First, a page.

RNLI teaches youngsters beach safety using computer game Minecraft

The Royal National Lifeboat Institution is inviting children to learn about beach safety by using the massively popular online game Minecraft.

Wednesday, 13th July 2016, 2:55 pm
Updated Thursday, 7th June 2018, 11:44 pm
RNLI teaching beach safety using Minecraft SUS-160713-135115001

This summer, the charity is running its ‘Beach Builder Challenge’ which allows children to create and build virtual worlds within the vast digital world of the game.

The Beach Builder Challenge, available to play from August 1 has been created by the RNLI to teach children about beach and water safety at a time when many young people will be visiting the coast during school summer holidays.

And this year, the RNLI has expanded the virtual world to include a ‘Beach Island Adventure’, so as well as creating their own epic beaches, creative youngsters must also complete four levels based on the charity’s Stay SAFE acronym: Spot the dangers, Take Advice, Stay close to a Friend or family member, Learn what to do in an Emergency.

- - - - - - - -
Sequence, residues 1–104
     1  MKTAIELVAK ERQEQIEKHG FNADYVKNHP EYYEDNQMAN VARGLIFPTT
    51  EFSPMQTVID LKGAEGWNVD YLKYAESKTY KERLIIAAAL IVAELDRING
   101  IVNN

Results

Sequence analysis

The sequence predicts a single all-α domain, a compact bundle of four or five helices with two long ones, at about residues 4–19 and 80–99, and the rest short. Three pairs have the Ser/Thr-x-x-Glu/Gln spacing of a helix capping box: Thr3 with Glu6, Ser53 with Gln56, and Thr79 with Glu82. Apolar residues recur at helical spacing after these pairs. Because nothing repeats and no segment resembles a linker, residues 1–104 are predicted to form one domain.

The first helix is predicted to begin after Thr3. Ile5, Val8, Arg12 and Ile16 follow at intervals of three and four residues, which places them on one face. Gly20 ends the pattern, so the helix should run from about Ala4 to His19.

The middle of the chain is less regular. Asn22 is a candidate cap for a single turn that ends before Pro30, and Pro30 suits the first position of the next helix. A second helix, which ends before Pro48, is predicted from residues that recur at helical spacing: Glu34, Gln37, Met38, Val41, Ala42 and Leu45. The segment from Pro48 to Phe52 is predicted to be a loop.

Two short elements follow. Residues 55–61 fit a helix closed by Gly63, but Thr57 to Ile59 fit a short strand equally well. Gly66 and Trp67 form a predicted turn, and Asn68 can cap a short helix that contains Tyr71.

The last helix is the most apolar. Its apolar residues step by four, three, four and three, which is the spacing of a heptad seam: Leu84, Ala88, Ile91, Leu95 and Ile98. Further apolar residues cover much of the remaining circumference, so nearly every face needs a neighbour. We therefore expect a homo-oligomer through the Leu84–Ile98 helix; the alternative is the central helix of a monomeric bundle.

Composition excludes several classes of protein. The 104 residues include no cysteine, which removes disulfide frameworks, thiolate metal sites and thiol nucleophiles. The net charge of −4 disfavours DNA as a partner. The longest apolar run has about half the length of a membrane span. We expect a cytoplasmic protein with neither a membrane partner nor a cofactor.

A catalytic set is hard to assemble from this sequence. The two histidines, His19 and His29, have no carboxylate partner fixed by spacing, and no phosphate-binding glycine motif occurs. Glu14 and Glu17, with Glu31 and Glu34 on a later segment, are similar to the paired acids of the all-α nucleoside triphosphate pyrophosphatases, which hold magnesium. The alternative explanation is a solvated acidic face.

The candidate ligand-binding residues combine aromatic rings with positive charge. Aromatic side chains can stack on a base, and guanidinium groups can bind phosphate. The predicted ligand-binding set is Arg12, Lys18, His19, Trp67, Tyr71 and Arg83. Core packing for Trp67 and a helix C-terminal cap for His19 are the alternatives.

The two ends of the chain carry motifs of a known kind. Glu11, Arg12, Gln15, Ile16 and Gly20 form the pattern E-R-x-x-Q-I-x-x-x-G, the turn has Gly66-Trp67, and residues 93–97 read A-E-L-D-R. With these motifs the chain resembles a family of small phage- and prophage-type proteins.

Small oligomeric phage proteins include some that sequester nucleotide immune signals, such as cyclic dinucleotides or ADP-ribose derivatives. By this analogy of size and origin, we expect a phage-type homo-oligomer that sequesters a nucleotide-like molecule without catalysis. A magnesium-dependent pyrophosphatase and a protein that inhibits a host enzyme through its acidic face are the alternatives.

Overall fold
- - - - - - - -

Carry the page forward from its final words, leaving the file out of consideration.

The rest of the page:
In 2014 the Beach Builder Challenge proved hugely success with more than 8,000 children participating from all over the world, including Canada, Australia and the USA.

It also proved successful in helping to reach a large number of children living in inland communities across the UK.

Bridie Appleby-Gunnill, RNLI community safety product manager, said, “This is a fun and interactive game for 7–14 year olds to play during the school holidays. We really hope the challenges will help Minecraft users who visit a real beach this summer put their newly acquired beach safety knowledge into reality, and have fun while staying SAFE.”

Feedback from 2015 suggests the game is an excellent education platform. It shows 97% of participants, after playing it, were aware of the advice to go to a lifeguarded beach.

In addition there was a 20 per cent increase in the number of children who knew they should dial 999 and ask for the coastguard if they saw someone in trouble at the beach.

Bridie added, “We’ve created a fun, educational experience where a young person can engage and learn about water safety in a self-organised way and where academic ability does not limit learning. Research suggests that children learn and retain more when they can organise their own learning. Last year’s feedback has shown Minecraft to be a fantastic enabler in allowing this to happen.”

Parents who wish to register their child’s involvement in the Beach Builder Challenge should email [email protected]

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